The family were never seen or heard from again. No-one in the neighbourhood knows what happened to them, nor speaks of that day. Partly this is because there isn't much time for dwelling on the past; times are only getting harder. Alazais has since reinvented himself as "Bird," the name everyone now knows him by, a charming and hard-bitten cutthroat, burglar and ruffian, his ready wit and glib tongue covering for the hollow anguish that shows every once in a while through his eyes. The innocence of the Quayside Almisters' old escapades has faded. They've long since turned to pimping the girls who'd once accompanied them on their adventures, to luring in the unsuspecting marks before stabbing and robbing them, to breaking in to shops and storehouses and stealing whatever they can carry.
It can't go on forever. The Queen's troops care more about disloyalty than criminality, but eventually they'll stir themselves to roust the Almisters, and the thieves will wind up in the stocks or swinging from a gibbet. All of them know it, and as Quayside rots and each day grows bleaker, Bird seems more and more resigned to his fate. Still... once a while, he can be seen toying with that ragged length of red cloth rescued half a dozen years ago from the ashes of his childhood, his face pensive. As if thinking about, and hoping, for something more.Strengths:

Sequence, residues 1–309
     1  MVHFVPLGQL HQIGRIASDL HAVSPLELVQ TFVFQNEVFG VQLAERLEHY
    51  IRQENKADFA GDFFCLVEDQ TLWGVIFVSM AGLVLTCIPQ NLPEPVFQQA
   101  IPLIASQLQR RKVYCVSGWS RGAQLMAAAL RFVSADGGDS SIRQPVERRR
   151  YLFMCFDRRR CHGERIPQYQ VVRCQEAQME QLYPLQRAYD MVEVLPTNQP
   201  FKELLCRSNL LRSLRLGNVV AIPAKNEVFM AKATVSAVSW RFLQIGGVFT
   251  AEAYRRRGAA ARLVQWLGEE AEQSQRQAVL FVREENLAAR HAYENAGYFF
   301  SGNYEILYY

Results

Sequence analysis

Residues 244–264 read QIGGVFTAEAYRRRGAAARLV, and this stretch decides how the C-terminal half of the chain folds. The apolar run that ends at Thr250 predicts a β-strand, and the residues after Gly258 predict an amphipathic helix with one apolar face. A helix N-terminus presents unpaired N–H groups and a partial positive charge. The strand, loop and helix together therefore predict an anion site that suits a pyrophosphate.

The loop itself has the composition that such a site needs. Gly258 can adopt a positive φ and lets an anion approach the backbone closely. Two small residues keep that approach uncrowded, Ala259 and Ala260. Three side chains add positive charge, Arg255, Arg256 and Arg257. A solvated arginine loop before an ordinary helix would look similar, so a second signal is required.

Bird is nicknamed both for his light physique and for his extraordinary swiftness and agility, the way he has of fleeing from a pursuer with such tricky resourcefulness as to seem almost like he's "flying." Sinewy and tough, he's stronger than he looks, but his real assets are his dexterity, his wit, the glib charm and underlying ruthlessness he's learned over his years haunting the streets of Quayside, and his handiness with the trusty dagger that's sliced a few hamstrings, opened a few throats and deterred more than one would-be pederast in its day. He's a sure and nimble climber, a stealthy footpad, and can pick a lock or a pocket with the best of them.Weaknesses:
A child of the streets, Bird is -- to put it mildly -- lacking in the finer social graces. He's fascinated by women but has little experience with anything other than whores, and even that much is limited. The torment and trauma of his family's loss, and his own guilt over it, continues to eat at him, and notwithstanding the old adage "time heals all wounds" it's actually getting worse instead of better: he's plagued by horrible nightmares, and even more worryingly has developed a habit of sleepwalking, waking in strange places with no idea of how he's gotten there or what he's done. Despite his delinquent habits, he was never totally insensible of his father's ideas of decency, and a sense of shame and remorse at what he and his friends have become has driven him toward hopelessness and the taking of increasingly crazy risks.